I quickly became jealous. Never-mind the $50,000 budgets or the $10,000 cameras, how did these photographers capture these images? 

That is the exact question I asked myself while I breezed through an ELLE magazine and saw an incredible makeup advertisement. I wanted that, I wanted that look, high fashion glamour with some old classic romance. Almost film noir.

With that said, makeup and hair stylist; Micah Severo Ruelas and I decided to take it upon ourselves to create a series of beauty shots that we could potentially use in our portfolio in a hard bound book, much like we did for “GAGA - A Portrait Series”. Roughly 3-4 different shoots with nothing but headshots and close-ups that resemble those commercial advertisements.

After some discussion we decided on a few models, one of them being Iris Hernandez. I had worked with Iris on a recent short film and really liked her presence and care-free attitude. Even though she had never done anything like it, I really felt she had the look we were going for. We wanted to combine both the noir lighting techniques with a Spanish beauty theme.

The day before the shoot, Micah and I went out to both Hobby Lobby and Jo Ann’s fabric store to get some props and pieces for the shoot. After about a 2 hour search we got what we needed, but my night had just started. I had to start experimenting with light. I returned back to my studio and started at square one with some techniques I used in the cinematography world. Putting thin stripes of black duct tape over a light source to create the illusion of large Venetian blinds. After several failed attempts I moved to YouTube tutorials and came up with nothing other then a few people chatting away on their webcams.

I ditched the duct tape idea and just grabbed a set of my plastic blinds that were hanging in my basement window. When I shot an Alien Bee B800 through the blinds, it created the shadows I needed, but they just weren’t direct enough. I needed a harsher light. That’s when I decided to throw a speedlight in the mix. BOOM.. 100 self portraits later, I had my noir light. At this point it was nearly 2am and I needed rest. The experimentation would have to wait until the shoot itself.

This shoot was a lot of “new” for me. It would be the second time shooting in my new studio, the first time tethered to my computer and not to mention the new world of lighting I was experimenting with.

As Iris went into hair and makeup, I started playing around and planning out my sets. I had a decent inclination of what I wanted to do, but I knew that most everything would be off the cuff trails. The first look was spectacular, bold red lips with a up-do and red rose. We jumped into the set and started cracking away shots. I was pretty impressed with the lighting, although it just didn’t get the dramatic lines on her face like it did with mine. After messing around, my assistant Josh Eskridge suggested I simply take away the Alien Bee and just use the SB-800. Once I did that, it was dark, but the dramatic lines were more apparent then ever. After 40 or so shots, we moved onto the next set and Iris hit her stride.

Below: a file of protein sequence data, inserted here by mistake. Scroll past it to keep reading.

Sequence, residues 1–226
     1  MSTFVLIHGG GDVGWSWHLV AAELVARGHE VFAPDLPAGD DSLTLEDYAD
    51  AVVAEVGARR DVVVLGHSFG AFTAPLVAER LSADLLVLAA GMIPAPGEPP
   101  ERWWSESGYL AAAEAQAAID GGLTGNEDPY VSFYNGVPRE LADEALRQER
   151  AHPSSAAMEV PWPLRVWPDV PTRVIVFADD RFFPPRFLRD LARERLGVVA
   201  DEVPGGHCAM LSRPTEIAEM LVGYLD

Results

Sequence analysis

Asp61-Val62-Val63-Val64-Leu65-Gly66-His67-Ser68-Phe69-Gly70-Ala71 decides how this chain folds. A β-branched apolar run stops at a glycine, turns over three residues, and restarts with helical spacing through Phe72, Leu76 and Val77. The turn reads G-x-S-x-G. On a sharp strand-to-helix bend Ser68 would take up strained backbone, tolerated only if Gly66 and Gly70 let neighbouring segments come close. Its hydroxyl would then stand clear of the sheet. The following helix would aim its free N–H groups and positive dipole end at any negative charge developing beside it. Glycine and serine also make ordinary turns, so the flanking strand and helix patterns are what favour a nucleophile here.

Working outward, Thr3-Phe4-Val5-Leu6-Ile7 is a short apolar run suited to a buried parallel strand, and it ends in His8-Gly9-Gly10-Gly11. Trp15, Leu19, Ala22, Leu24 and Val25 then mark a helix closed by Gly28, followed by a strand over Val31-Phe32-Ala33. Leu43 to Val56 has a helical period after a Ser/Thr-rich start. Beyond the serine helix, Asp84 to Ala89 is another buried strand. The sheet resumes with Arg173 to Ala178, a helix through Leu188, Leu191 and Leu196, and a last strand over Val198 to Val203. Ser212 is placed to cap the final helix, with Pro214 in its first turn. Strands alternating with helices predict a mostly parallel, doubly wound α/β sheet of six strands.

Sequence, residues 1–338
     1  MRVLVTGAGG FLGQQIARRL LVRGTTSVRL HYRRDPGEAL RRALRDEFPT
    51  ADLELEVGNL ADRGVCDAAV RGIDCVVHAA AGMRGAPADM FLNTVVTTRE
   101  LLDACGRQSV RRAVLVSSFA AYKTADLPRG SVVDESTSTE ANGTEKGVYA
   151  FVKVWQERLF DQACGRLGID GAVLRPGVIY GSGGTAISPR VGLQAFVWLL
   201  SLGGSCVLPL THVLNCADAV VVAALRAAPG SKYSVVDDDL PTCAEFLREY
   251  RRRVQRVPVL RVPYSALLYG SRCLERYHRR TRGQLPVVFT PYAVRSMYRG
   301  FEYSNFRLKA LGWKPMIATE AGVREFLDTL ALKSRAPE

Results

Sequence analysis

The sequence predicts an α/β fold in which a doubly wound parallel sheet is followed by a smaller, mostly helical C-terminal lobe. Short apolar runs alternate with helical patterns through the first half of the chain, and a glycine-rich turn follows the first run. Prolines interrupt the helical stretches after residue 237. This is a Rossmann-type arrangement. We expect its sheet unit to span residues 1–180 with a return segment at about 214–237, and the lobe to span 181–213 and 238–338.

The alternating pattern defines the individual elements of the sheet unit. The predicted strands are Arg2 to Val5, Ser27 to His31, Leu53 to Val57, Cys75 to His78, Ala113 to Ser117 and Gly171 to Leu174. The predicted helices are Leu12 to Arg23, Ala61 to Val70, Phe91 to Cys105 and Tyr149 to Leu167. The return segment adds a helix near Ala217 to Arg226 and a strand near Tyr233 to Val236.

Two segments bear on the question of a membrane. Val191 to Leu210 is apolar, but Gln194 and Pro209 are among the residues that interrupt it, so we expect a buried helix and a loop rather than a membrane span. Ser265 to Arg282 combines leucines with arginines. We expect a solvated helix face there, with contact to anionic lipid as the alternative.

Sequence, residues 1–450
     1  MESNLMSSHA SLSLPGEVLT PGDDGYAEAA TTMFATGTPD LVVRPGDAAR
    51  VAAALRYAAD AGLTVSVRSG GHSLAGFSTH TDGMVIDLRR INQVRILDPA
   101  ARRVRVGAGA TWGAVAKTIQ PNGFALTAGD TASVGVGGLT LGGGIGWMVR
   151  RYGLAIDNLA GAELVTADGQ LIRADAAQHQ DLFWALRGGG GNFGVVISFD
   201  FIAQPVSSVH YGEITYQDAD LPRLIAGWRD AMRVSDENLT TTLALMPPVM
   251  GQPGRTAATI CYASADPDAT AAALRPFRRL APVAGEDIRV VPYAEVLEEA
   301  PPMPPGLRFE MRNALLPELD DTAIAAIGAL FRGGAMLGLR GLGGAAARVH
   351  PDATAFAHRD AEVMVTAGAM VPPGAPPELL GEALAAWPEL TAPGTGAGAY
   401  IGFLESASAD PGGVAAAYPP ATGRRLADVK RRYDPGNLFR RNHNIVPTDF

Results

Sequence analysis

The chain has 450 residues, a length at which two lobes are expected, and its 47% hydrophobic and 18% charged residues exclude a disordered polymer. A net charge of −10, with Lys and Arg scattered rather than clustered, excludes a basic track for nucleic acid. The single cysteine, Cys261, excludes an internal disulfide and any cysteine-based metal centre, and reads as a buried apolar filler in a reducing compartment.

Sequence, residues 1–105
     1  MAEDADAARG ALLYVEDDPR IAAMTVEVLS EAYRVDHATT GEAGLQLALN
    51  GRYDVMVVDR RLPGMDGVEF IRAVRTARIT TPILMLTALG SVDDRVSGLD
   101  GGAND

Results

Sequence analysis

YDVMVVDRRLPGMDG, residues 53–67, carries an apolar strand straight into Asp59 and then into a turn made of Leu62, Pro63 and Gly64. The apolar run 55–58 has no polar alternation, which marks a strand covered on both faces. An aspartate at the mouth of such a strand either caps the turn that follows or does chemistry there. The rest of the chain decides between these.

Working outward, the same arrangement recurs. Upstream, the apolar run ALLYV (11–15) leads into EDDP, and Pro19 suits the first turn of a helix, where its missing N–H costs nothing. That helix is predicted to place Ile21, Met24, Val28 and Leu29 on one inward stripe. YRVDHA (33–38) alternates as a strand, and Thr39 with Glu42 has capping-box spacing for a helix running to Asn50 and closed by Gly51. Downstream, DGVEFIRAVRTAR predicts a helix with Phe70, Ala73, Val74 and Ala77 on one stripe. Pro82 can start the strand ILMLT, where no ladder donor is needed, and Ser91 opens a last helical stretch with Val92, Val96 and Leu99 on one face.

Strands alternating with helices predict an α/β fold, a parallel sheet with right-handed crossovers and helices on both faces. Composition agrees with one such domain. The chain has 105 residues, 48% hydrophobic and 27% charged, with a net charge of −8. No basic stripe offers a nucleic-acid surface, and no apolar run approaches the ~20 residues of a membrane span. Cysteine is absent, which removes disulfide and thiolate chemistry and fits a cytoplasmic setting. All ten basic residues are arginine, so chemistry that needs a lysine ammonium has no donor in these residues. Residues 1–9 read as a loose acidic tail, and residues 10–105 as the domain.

I wanted a less technical setup, but had to keep the noir feel. We decided to move a Alien Bee B800 overhead and camera left with a 20 degree grid. Then I taped a metal wall art frame with some crazy Celtic design to my two stands and shot a SB-800 through it to create the awesome shadows on the background. This setup ended in some of the best out of camera shots of the session. 

We blazed through sets and experimented all the way through. I’ve never been apart of a shoot where a felt more clueless on how the outcome was going to be when I snapped the shutter.

One of my favorite sets was shooting an SB-800 speedlight through a 2 inch slit in a cardboard black canvas. It took nearly 20 minutes to nail just one shot I could work with. We finally nailed it. That result and final black & white edit is definitely my favorite of the entire session.

After we wrapped up, I sat down to start the re-touching process. I hit a serious wall. A wall that lasted for more then 4 days. I couldn’t get it out of my head, what was the problem? Why aren’t my images good? I just couldn’t figure it out. I tried everything I had to make my pictures just as good as anything you would see in the magazine. It finally came down to me as a photographer… Simply stop trying to compare and start creating. I heeded my own advice and edited the best I knew how. At that point I had edited nearly 5 images and decided to roll with the 3 seen below.

I want to thank Iris and Micah for being so patient while Josh and I played around with such experimental lighting. It challenged me, broke me down and I believe it has played a role in my progression as a photographer.